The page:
“As much as I would love to say that my grandmother taught me to cook, that’s not the case. By the time I was born, the Monsoon had already closed, and so to me she was always just my loving grandmother.”

In fact, even naming the restaurant after her was something that took a while for her to wrap her head around. “It was really a natural progression as we considered what was ‘Burmese’ for us. Eventually, they realised that, for them, Burmese meant family and community, and at the heart of it was Mabel.”

Just as the Monsoon was a hub, so too is Mabel’s. There are plenty of regulars who knew Mabel and the Monsoon, including a group of diners who call themselves “The Monsoon Munchers”. Since the opening last year, many diners have regaled Marlar with stories of her grandmother. Their kitchen hand, whom all the staff call Auntie and who makes their staff meals, once worked at the Monsoon.

“One of the reasons we decided to centre the story of the restaurant around Mabel is because of that connection. When people walk past and see the sign they go, ‘Wait, is that Mabel from the Monsoon?’”

Marlar doesn’t come from a hospitality background and never imagined she would open a restaurant. But, with the encouragement of her late uncle and repeated visits to Myanmar, she and Ian decided to embark on the project, in the hope of bringing a new experience to Wellingtonians and to share Burmese flavours.

Luckily, Ian could supply some know-how — he owns Wellington bar Crumpet — but things really came together when a friend returned from the UK after lockdown and came on board as head chef. Though he was classically trained and had worked in fine dining throughout his career, learning to cook Burmese food was a whole new experience.

“There are certain things that don’t translate well. Like when you cook a Burmese curry — the oil has to be heated until it ‘floats’, but that doesn’t really make sense in English.”

The menu, Marlar tells me, was a collaborative effort with her whole team. They’re tight-knit, and it’s important to Marlar that they’re proud of what they do and feel connected to it. Some of the staff are Burmese, and a couple are students who won scholarships to come to New Zealand.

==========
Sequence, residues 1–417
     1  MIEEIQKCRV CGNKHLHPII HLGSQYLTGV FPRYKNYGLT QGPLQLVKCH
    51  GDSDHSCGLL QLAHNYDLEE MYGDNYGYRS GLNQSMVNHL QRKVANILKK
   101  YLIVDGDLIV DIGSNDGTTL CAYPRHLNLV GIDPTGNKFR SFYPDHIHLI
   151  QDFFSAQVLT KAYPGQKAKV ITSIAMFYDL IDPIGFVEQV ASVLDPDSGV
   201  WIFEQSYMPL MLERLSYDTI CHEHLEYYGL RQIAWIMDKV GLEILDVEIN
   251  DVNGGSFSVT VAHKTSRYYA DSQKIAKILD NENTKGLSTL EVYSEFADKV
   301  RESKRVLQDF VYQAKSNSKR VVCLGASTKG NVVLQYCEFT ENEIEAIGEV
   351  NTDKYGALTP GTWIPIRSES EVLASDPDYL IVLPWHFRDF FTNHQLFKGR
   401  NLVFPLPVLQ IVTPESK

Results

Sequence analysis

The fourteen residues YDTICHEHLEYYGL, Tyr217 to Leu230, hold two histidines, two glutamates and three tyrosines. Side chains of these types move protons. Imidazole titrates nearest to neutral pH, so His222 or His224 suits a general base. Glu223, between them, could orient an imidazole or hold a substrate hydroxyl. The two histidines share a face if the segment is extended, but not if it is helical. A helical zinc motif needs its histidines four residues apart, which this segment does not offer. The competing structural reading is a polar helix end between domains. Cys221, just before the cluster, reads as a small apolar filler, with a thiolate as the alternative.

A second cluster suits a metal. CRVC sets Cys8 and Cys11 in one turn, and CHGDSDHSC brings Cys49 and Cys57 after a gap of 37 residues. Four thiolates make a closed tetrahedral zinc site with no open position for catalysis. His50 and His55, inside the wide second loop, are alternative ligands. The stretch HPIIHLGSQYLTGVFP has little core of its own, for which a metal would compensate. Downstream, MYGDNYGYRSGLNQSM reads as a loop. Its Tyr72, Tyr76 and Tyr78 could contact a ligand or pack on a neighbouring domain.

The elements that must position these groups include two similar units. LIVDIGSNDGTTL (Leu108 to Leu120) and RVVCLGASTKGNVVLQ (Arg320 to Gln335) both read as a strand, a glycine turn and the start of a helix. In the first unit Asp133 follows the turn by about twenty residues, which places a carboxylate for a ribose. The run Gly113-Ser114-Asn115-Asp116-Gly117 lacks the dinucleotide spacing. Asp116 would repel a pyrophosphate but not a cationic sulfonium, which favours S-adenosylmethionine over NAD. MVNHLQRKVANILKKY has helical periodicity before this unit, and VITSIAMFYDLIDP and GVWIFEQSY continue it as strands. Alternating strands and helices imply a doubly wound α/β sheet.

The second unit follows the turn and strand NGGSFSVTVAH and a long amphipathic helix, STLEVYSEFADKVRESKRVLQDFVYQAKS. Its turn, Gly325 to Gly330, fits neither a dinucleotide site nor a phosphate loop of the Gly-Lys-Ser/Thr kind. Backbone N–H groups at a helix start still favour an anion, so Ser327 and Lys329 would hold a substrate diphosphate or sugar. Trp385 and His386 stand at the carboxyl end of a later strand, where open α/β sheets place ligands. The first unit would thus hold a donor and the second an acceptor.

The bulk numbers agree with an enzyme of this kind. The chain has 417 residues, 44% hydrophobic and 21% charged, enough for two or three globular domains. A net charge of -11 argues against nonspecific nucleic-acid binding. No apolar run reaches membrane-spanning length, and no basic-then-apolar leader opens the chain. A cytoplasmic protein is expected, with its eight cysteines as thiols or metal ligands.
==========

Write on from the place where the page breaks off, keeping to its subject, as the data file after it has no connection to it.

“We have one young guy — he’s so sweet — and we had to really teach him what ‘service’ means. He just didn’t get it, because it’s different in Asia — you don’t go over to a table unless they ask you to. But now he’s thriving and we’re so proud when we see him out there, working the floor and talking to customers on his own.”

Marlar didn’t want Mabel’s to be just a curry house, because there are so many Burmese curries out there, but also because they wanted to offer a well-rounded view of Burmese cuisine.

On the menu you’ll find curries, salads, noodle bowls, and a selection of fried goods, including their “BFC” (Burmese fried chicken), on the menu. Also included is mohinga — a fish and rice noodle soup, the national dish of Burma.

Salads are also a huge part of the cuisine — the textures and flavours are unlike anything you’ll have tried before. Think pickled young green tea leaves, served with tomato, crispy fried garlic and onions, dhal, and dried shrimp (laphet thoke), or Burmese chickpea tofu, tossed with coconut vinegar, and crunchy garlic, shallots, and peanuts (tohu thoke,
see page 74 for the recipe).

New this year, they offer a thali option at lunch. The platter with a selection of curry, rice, salad, broth, roti, and condiment is the perfect introduction to Burmese cuisine. And it has resulted in a healthy increase in their lunchtime trade.

Most of the dishes can be enjoyed as a group, family-style, or solo. Attention to and care for their customers is just part of Marlar’s life, just as it was part of Mabel’s.

And what about her kids, I ask. How do they feel about Burmese food now? She smiles. “They love it. You know they said to me the other day, ‘We’re so glad we have an Asian mother, because otherwise we wouldn’t know good food.’”